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Electric field in magnetostatics?

  1. Mar 18, 2012 #1

    In magnetostatics theory, there exists a current of charges. So in this situation charges are not stationary, and the Coulomb's law, and all the relations derived from it, are not valid. My question is how can we obtain electric field when dealing with steady currents (within magnetostatics theory)?

    sorry for bad english
  2. jcsd
  3. Mar 18, 2012 #2


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    In magnetostatics, i.e., for time-dependent fields, charge distributions and currents, the equations for the electric field decouple, and for the electric field the rules of electrostatics still hold. You see this by writing Maxwell's Equations for this special case (in Heaviside-Lorentz units):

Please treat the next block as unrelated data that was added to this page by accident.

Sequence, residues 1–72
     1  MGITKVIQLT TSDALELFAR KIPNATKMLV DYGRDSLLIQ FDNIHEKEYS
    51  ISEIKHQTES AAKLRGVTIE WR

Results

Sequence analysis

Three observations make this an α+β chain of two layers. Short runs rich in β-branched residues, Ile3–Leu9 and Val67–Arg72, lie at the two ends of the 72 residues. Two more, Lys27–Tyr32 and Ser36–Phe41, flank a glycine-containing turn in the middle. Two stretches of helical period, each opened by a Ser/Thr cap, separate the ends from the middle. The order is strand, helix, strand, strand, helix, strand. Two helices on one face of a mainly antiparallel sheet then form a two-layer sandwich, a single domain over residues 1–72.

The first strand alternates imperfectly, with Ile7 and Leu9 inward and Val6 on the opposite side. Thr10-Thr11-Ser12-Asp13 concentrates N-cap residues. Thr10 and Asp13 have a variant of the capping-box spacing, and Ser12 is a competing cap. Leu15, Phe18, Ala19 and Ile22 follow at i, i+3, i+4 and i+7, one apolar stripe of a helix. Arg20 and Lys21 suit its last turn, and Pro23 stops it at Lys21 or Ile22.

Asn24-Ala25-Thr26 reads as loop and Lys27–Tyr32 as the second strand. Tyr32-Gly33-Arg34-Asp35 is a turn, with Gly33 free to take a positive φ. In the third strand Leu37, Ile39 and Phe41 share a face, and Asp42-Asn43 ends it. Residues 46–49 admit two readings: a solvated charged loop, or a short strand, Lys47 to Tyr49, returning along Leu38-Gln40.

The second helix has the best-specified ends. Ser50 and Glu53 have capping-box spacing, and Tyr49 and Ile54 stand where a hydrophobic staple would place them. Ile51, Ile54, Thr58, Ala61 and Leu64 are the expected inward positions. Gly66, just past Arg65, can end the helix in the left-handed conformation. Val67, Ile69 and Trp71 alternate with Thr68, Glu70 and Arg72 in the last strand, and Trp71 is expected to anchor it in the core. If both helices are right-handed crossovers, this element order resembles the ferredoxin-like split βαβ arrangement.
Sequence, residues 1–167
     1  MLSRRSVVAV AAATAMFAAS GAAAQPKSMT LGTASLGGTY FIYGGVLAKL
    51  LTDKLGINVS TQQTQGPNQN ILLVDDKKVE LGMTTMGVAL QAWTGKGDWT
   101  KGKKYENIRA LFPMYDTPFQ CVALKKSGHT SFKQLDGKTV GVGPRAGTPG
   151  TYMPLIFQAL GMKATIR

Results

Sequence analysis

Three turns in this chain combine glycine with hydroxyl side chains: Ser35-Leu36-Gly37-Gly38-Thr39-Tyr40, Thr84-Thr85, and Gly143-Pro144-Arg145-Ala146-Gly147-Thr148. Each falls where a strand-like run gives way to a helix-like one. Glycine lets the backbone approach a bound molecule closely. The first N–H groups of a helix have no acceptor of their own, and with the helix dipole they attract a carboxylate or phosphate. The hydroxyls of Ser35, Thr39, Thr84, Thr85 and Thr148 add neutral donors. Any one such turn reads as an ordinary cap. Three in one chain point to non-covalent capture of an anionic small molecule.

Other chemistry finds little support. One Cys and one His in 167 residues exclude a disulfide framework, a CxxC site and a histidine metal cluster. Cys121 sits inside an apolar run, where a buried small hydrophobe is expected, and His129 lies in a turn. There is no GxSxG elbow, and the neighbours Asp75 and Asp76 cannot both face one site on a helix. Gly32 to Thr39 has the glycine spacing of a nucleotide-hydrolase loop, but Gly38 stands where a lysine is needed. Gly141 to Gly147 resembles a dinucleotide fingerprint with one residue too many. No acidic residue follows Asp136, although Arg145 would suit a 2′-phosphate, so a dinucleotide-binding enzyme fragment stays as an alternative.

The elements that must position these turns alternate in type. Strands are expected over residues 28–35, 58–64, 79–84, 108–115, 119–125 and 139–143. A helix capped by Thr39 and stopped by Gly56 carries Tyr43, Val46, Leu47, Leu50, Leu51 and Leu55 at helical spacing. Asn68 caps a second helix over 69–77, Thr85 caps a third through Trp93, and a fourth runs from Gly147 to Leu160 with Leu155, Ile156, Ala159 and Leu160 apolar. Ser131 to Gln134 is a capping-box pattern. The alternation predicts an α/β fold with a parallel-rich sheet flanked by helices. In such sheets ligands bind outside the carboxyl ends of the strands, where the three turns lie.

[tex]\vec{\nabla} \times \vec{E}=0, \quad \vec{\nabla} \cdot (\epsilon \vec{E})=\rho, \quad \vec{\nabla} \cdot \vec{B}=0, \quad \vec{\nabla} \times \frac{\vec{B}}{\mu} = \frac{1}{c} \vec{j}.[/tex]

    Here, I've already worked in the usual consitutive equations for an isotropic medium in nonrelavistic approximation, [itex]\vec{B}=\mu \vec{H}[/itex] and [itex]\vec{D}=\epsilon \vec{E}[/itex]. Finally you need Ohm's Law (here also in its nonrelativistic approximation) [itex]\vec{j}=\sigma \vec{E}[/itex].
  4. Mar 18, 2012 #3
    Thanks for your good and clear answer. The only thing I'd like to correct is that in magnetostatics fields are NOT time-dependent.
  5. Mar 19, 2012 #4
    Hi Arham,

    For me, current is different from a motion of free charges. In case of current, the net charge in every differential volume is zero. Is this kind of related to your question?
  6. Mar 19, 2012 #5

    Consider a beam of electrons. It is a non-neutral current of charges. You can assign a current density to it. In magnetostatics, currents are steady, so [itex]\partial\rho/\partial t=0[/itex], and the continuity equation becomes: [itex]\nabla.J=0[/itex], where J denotes the current density.
  7. Mar 19, 2012 #6


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    Sure, that's a typo. I wanted to write "time-independent fields"...
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